Example 7

This shows the preparation of starch/copolyester and starch/copolyester/biodegradable additive compositions continuously in a twin screw extruder, injection molding of some of the compositions and their evaluation in composting.

Copolyester Resin Preparation

Polymers having the following compositions were prepared in the same reactor and by procedures similar to those in Example 1 herein

______________________________________Polymer 1               Polymer 2(mp 176 C.)             (mp 175 C.)______________________________________73%        T            68%     T25%        5            30%     52%         5SI          2%      5SI90%        2G           100%    2G10%        DEG______________________________________

The polymer pellets were dried overnight in a large tray dryer at 80° C. with hot dry air recirculation to a moisture content of less than 0.04%.

Corn starch (Corn Products 3005 from CPC International, Inc.), and rice starch (Sigma Chemicals catalogue #S7260) were dried overnight in a large tray vacuum oven at 90° C. and less than 1 mm Hg vacuum to a moisture content of less than 1%, and stored in sealed containers until used.

Polyethylene adipate (RUCOFLEX® S-101-55, nominal molecular weight=2000, from Ruco Polymer Corporation) was used directly without pretreatment.

Blends of polymer pellets and starch were made by manually tumbling the materials in plastic bags. The dry (room temperature) starch was added to warm polymer pellets from the dryer, and the (still warm) mixture fed to the extruder. When polyethylene adipate (RUCOFLEX®) was used, the polymer and RUCOFLEX® were blended first to assure uniform distribution of RUCOFLEX® in the warm polymer, prior to addition of the starch.

The following compositions were made:-

7A 60% polymer 1, 40% cornstarch

7B 60% polymer 1, 40% rice starch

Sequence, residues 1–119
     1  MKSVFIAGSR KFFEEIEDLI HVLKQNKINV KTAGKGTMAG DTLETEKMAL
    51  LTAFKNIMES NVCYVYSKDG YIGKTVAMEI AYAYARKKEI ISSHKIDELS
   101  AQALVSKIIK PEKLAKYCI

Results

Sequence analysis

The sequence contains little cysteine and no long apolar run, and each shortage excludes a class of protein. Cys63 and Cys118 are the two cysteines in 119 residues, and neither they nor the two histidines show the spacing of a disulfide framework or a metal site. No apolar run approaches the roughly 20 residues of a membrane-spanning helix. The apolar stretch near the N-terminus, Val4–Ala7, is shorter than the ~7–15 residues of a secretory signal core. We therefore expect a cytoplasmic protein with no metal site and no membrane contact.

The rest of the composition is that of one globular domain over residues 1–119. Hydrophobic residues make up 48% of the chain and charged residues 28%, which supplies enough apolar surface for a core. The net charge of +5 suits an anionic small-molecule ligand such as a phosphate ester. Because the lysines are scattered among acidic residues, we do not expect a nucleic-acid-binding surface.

7C 55% polymer 1, 40% cornstarch, 5% RUCOFLEX®

7D 60% polymer 2, 40% cornstarch

7E 60% polymer 2, 40% rice starch

7F 55% polymer 2, 40% rice starch, 5% RUCOFLEX®

The blends were placed in the feed hopper (with nitrogen purge) of a K-tron twin screw feeder (Model #T-35 with #6300 controller) and metered to a Werner and Pfleiderer ZSK 30 mm twin screw extruder. This extruder had an L/D of 30/1 with a vacuum port and a mild mixing screw. The temperature of the extruder barrel was electrically heated from 165° C. at the feed end of the extruder to 190° C. at the discharge. The extruder was operated at 150 RPM, and the vacuum port was connected to house vacuum and the vacuum permitted to fluctuate with process conditions. A single hole die (1/8 inch dia.) was used for discharge. The resulting strand was quenched in a 6 ft long water trough, dewatered with an air knife and cut into pellets with a Conair cutter (Model #304). Specific operating conditions for the individual compositions are listed below.

______________________________________ Feed   Screw   Die    Melt Rate   Torque  Pressure                       Temp  VacuumComp. PPH    % max   PSIG   C.    in Hg  COMMENT______________________________________A     34     58      800    251   13     ROUGH                                    STRAND                                    BUT FEW                                    BREAKSB     32     60      800    248   13     ROUGH                                    STRANDS                                    WITH                                    MANY                                    BREAKSC     31     52      750    241   12     SMOOTH                                    STRAND                                    NO                                    BREAKSD     33     56      750    253     13.5 ROUGH                                    STRANDS                                    BUT FEW                                    BREAKSE     33     53      760    250     13.5 ROUGH                                    STRANDS                                    WITH                                    MANY                                    BREAKSF     29     53      560    240   13     SMOOTH                                    STRANDS                                    NO                                    BREAKS______________________________________

The RUCOFLEX® lowers die pressure and melt temperature, while improving strand surface smoothness. Samples A, B, D, and E were stiff and brittle while samples C and F were flexible and tough, showing the advantage of using the RUCOFLEX®.

To show the dimensional stability of these compositions in aqueous environments, a piece of the extrudate from composition D was immersed in room temperature water for 91 hrs. It showed a 1.2% gain in weight, a 4.7% increase in diameter and a 1% loss in length.

Composition C and F pellets were dried overnight in a large tray drier at 80° C. with hot dry air recirculation. Each composition was injection molded, using a 6 oz Van Dorn injection molding machine with the following characteristics;

Model 125-RS-6

125 ton clamping pressure

General purpose 1.575 inch screw

Hydraulic gauge factor 10.7/1

A mold designed to produce two 5"×1/2"×1/8" standard Izod bars and one 3"×5"×1/16" plaque was attached.